To the human mind, symbols
are cultural representations of reality. Every culture has its own set of symbols associated with different experiences and perceptions. Thus, as a representation, a symbol's meaning is neither instinctive nor automatic. The culture's members must interpret and over time reinterpret the symbol.
Symbols occur in different forms: verbal or nonverbal, written or unwritten. They can be anything that conveys a meaning, such as words on the page, drawings, pictures, and gestures. Clothing, homes, cars, and other consumer items are symbols that imply a certain level of social status.
Perhaps the most powerful of all human symbols is language—a system of verbal and sometimes written representations that are culturally specific and convey meaning about the world. In the 1930s, Edward Sapir and Benjamin Lee Whorf proposed that languages influence perceptions. While this Sapir‐Whorf hypothesis—also called the linguistic relativity hypothesis—is controversial, it legitimately suggests that a person will more likely perceive differences when he or she possesses words or concepts to describe the differences.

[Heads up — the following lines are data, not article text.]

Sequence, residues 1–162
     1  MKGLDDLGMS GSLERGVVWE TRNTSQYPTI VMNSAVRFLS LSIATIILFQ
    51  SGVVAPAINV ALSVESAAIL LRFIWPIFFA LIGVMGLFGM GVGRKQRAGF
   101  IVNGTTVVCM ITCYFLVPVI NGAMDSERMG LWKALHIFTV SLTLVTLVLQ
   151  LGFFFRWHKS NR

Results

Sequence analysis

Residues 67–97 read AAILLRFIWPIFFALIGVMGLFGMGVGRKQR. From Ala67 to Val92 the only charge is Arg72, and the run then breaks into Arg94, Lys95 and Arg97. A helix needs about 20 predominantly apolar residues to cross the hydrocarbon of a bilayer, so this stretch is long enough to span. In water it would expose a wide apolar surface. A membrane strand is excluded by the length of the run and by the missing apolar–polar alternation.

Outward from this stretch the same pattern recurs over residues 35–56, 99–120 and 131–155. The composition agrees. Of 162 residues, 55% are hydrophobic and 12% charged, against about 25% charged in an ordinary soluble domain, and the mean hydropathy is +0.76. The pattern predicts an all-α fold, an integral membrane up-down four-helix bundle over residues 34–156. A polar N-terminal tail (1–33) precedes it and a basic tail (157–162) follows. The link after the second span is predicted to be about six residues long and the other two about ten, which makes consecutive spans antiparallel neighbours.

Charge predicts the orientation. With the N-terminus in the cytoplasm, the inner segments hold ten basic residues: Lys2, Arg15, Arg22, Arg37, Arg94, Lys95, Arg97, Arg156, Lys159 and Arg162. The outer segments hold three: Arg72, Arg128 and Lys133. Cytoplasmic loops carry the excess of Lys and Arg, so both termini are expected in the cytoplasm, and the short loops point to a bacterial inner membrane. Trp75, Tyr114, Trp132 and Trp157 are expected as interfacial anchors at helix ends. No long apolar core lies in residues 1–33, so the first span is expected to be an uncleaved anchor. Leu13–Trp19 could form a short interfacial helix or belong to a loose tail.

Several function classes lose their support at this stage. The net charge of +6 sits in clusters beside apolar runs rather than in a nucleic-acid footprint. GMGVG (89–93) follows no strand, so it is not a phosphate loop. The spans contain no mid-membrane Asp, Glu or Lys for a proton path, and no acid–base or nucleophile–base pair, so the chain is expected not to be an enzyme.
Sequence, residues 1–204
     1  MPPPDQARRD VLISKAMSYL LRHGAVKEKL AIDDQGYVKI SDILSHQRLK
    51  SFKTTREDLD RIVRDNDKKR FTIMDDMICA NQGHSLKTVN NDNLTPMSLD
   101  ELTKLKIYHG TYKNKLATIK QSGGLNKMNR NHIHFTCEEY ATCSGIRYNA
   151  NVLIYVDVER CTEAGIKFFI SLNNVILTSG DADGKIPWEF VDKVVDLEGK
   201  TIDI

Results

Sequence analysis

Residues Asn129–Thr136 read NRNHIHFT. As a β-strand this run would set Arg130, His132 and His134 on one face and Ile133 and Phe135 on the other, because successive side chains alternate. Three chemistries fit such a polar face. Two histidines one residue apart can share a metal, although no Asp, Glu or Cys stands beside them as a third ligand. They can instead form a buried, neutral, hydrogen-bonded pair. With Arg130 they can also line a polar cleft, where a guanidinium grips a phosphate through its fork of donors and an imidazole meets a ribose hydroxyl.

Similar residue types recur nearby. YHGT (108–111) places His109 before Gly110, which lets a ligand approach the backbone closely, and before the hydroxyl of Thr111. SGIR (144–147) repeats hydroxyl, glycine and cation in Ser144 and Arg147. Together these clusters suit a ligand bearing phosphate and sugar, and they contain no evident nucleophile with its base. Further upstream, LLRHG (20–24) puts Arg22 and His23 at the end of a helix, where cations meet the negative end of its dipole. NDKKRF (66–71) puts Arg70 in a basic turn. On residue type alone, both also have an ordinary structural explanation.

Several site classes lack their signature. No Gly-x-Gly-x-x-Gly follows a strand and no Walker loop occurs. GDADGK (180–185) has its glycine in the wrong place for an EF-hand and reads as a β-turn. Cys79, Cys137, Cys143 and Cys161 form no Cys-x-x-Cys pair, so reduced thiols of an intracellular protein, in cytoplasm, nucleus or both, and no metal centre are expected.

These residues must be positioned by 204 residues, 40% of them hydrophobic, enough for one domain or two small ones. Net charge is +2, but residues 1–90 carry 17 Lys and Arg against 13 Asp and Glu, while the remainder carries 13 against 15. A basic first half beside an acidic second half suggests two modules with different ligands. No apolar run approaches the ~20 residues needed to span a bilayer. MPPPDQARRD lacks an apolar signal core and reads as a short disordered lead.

Language is an important source of continuity and identity in a culture. Some groups, such as the French‐speaking residents of Quebec in Canada, refuse to speak English, which is Canada's primary language, for fear of losing their cultural identity. In the United States, immigrants provide much resistance to making English the official national language.